Hawaii Issues Missile Warning in Error, Sending Panic on Social Media

#Hawaii” one user tweeted. Hawaii Sen. CNN was told by a viewer in Hawaii that both the initial threat warning and the message of false alarm more than 30 minutes later came across the TV warning notification system. It was a false alarm, but betting a lot of people are shaken. “The warning was a mistake,” Miyagi said. My mom and sister were crying. “It was a mistake made during a standard procedure at the change over of a shift, and an employee pushed the wrong button,” he said. “Repeat. Mazie Hirono echoed that point in her own tweet. This is not a drill.”
The alert was sent sometime after 8 a.m. Tulsi Gabbard after a false alert is sent to Hawaiians informing them of an incoming ballistic missile strike https://t.co/94g2KjEfqr https://t.co/iyEAN9kJqG
— CNN Newsroom (@CNNnewsroom) January 13, 2018

-155.582782 pic.twitter.com/eLlmQD8bI5
— Jim Jaggers (@JJaggers_WREG3) January 13, 2018

A second emergency alert goes out 38 minutes after the first alert saying it was a false alarm pic.twitter.com/iJjKEabZLz
— Amanda Golden (@amandawgolden) January 13, 2018

"We're still getting to the bottom of the details," says Hawaii Democratic Rep. A ballistic missile?! False Alarm” the second alert read. The warning went out to television and radio as well as cell phones, Ige added. “It was a false alarm based on a human error. #Hawaii pic.twitter.com/TmSGaoIQ7i
— me~shell⚾ (@hawaiigirl3) January 13, 2018

Ballistic Missile Warning in Hawaii. “Earlier message was sent in error. Honolulu Mayor Kirk Caldwell tweeted saying the alert was sent in “ERROR.”
“There is NO threat to the State of Hawaii!” the mayor tweeted. Brian Schatz also took to Twitter on Saturday in the wake of the false alarm. A second emergency alert went out about 40 minutes later clarifying that the first alert was a false alarm, CNN associate producer Amanda Golden tweeted. David Ige told CNN that human error caused the alert to go out. Seek immediate shelter. The governor’s remarks come after Hawaii Emergency Management Agency Administrator Vern Miyagi headed to the agency’s 24-hour operations center to find out why the false alert was sent out, according to an email to CNN. There is nothing more important to Hawaii than professionalizing and fool-proofing this process.”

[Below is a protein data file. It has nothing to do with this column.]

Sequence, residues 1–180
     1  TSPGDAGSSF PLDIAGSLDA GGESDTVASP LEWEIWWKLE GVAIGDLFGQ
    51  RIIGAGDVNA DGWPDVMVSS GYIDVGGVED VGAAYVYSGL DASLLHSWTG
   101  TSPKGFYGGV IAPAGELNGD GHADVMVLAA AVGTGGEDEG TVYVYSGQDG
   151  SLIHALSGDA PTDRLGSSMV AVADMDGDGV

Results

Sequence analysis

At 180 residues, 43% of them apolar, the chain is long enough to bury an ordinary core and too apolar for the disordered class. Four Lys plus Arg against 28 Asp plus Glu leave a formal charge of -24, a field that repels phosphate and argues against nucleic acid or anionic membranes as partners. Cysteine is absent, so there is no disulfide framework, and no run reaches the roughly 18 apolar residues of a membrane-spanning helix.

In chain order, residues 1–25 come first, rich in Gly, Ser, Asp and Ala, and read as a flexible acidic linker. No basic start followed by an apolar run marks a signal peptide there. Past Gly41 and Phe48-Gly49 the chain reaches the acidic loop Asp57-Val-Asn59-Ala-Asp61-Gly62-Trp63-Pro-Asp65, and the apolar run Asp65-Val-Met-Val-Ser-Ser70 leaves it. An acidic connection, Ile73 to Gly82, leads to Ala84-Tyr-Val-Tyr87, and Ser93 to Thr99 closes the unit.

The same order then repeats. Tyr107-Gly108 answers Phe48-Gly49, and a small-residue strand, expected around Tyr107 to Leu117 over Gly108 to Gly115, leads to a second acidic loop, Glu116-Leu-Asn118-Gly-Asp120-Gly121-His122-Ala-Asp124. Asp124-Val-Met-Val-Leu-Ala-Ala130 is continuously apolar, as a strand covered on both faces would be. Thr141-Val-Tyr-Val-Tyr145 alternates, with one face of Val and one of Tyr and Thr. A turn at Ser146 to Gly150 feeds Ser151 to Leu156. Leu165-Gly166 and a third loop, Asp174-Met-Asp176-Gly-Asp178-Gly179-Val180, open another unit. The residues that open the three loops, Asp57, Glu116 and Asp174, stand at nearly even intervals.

Hawaii Democratic Sen. State of Hawaii will send out a correction message as soon as possible.”
White House spokesperson Lindsay Walters referred all questions about the alert to the Department of Defense. I'm in Honolulu, #Hawaii and my family is on the North Shore. local time, and many people took to Twitter to share screenshots of their phones. The Hawaii Emergency Management Agency eventually tweeted “NO missile threat to Hawaii.”
Hawaii Gov. I’m in Kauai now. “We need to get to the bottom of what happened and make sure it never happens again.”

This was my phone when I woke up just now. “There is no missile threat,” the Democratic senator tweeted. “What?! Residents and visitors in Hawaii Saturday received a missile warning alert in error, but not before creating a panic on social media. Hawaii Rep. They were hiding in the garage. @KPRC2 pic.twitter.com/m6EKxH3QqQ
— Sara Donchey (@KPRC2Sara) January 13, 2018

What?! Tulsi Gabbard also posted to Twitter, reassuring citizens that she has confirmed with officials that “there is no incoming missile” and told CNN’s Jake Tapper the alert was “inadvertent.”
Commander David Benham, a spokesman for US Pacific Command confirmed in a statement that there is no threat: “USPACOM has detected no ballistic missile threat to Hawaii,” the statement read. “At a time of heightened tensions, we need to make sure all information released to community is accurate,” she wrote. The alert read in all capital letters: “Ballistic missile threat inbound to Hawaii. Will try to report as best I can. People are sheltering in place. A ballistic missile?!